radicalised in the crisis (Kirn, 1982: 80)18 and one could add, that the very core of the
Kosovo question remained unanswered. In opposition to the project of Yugoslavia as
an unfinished state that demanded constant popular emancipation and was dedicated
to the idea of the withering away of the state, the unfinished character of Kosovo
represents the other side of Yugoslav modernisation; it became the weakest link of
socialist Yugoslavia that paradoxically assisted in the withering away.

The separation 2 within the enterprise: the technocracy VS. the workers

The socialist enterprises were not neutral spaces regulated by the respect for self-
managed law. Enterprises were sites of high political and ideological investment: as
constitutionally defined Yugoslavia was the state of the working people and had to
legitimize its different, non-Soviet approach to peoples democracy. Undoubtedly the
LCY still remained an important agent that directed the course of development,
however, the over-generalized condemnation of Mastnak runs into trouble, once one
wants to understand closely the special dynamic and internal transformation of the
regulatory mode of capital and labour in market socialism.

Already in the first phase of development the Yugoslav socialist economy differed
from the rigid state planning, and was rather defined as a hybrid between a state
regulated plan and a certain accession to workers self-management. Once we enter
into the mid 1960s and the gradual transition to market (de)regulation takes place
things become more complicated. The market reform created favourable conditions for
the strengthening of management (technocracy) within enterprises and undermined the
role of political bureaucracy (and with it, also the role of the LCY) as the only agent
that represented capital. With dispersion of power and emergence of independent

15
The economic crisis hit the poorest regions hardest, but in the 1980s, growing economic
insecurities hit the centre of Yugoslavia, which can be seen as one of the major reasons for the break-up
of Yugoslavia. See comprehensive study of Woodward (1995a), who connect this to the IMF and WB
policy of austerity as the external reason for the destruction of Yugoslavia.
16
De-agrarization, higher education, Pristhina University registers 500% rise of students in the
period from 1964-1975. For analysis of economic and other developmental indexes see Kirn (1982: 64-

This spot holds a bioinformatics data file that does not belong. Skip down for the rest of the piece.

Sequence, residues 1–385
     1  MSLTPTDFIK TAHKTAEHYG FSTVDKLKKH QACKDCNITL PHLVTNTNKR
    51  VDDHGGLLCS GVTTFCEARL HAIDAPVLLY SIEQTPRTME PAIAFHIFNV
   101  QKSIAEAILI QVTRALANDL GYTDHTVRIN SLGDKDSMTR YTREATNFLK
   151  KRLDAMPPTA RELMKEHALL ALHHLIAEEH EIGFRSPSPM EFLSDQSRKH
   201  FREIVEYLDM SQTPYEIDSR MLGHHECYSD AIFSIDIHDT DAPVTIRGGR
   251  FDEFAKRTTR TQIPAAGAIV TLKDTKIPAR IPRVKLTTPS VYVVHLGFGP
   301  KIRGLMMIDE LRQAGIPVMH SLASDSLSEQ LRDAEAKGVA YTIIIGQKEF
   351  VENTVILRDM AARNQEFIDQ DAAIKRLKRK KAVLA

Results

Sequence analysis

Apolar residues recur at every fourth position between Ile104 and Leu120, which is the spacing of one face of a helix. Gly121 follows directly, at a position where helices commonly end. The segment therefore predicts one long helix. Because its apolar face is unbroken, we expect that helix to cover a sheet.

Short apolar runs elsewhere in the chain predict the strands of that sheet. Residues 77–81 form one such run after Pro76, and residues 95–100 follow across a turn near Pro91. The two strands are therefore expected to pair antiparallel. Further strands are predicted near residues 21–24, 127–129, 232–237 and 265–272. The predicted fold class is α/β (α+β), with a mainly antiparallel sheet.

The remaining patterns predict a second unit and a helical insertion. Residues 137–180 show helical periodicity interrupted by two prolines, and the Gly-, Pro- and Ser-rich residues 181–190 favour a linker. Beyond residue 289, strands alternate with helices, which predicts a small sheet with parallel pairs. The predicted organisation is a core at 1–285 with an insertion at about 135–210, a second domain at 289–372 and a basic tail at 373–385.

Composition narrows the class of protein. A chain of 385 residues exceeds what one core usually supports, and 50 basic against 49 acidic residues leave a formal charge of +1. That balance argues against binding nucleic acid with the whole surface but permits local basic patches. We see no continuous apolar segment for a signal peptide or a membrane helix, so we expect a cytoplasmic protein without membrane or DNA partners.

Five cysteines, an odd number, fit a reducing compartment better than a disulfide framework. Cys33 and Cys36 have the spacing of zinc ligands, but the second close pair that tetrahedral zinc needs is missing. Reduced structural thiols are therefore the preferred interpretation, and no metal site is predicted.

72).
17
One should have in mind also the per capita revenue in Kosovo never ceased falling from the
52% of the Yugoslav average in 1947 to 33% in 1975 and to 28% in 1979 and continued to plummet
throughout the 1980s. (Kirn, 1982: 73-77).
18
The political bureaucracy in Kosovo was dependent on external help, and at the same time it
was also the core mechanism for the reproduction of status quo in the region.
8
capitals (commercial banks), the executive and managing power over social and
independent capital was shared within the ruling class. Even if the LCY was still a
leading agent in political matters, the economic policies were much more driven by the
technocracy. Democratisation and the greater rights for self-management among the
workers were to be guaranteed with a legal foundation limited by the shift of power
relations within the production units. It was here that the technocracy dominated and
acquired even if not in numbers a political majority in all workers councils.
Legally, the majority of the constituency in the workers councils was guaranteed for
the workers, but more or less formal networks of power with local and regional
political centres and banks spontaneously emerged. Professionalization and
depolitization were the catchwords of new liberal ideology, but behind them the real
transference of (political) power to depoliticized experts was taking shape. In the
course of the 1960s some authors would already speak about the economic monopoly
of power and ideological hegemony.19

The goal of workers' control within the production process went unrealized, instead
management took the upper-hand in all decision-making processes. Economic
rationality and other profit-oriented criteria replaced social benefits and other socialist
ideals. This resulted in an elevated exploitation within production and amplified class
stratification that triggered a series of strikes. Needless to say leading bureaucrats and
technocrats enjoyed a set of (class) privileges20 that can be detected in higher wages
and higher pensions, better holiday facilities, and more easily received credits for
building a house. Even if private property was abolished, it did not prevent the
accumulation of personal property in the ruling class.

Notwithstanding the major economic shifts, the dominant ideology still promoted
egalitarian ideals and the integration of capital and labour under the control of the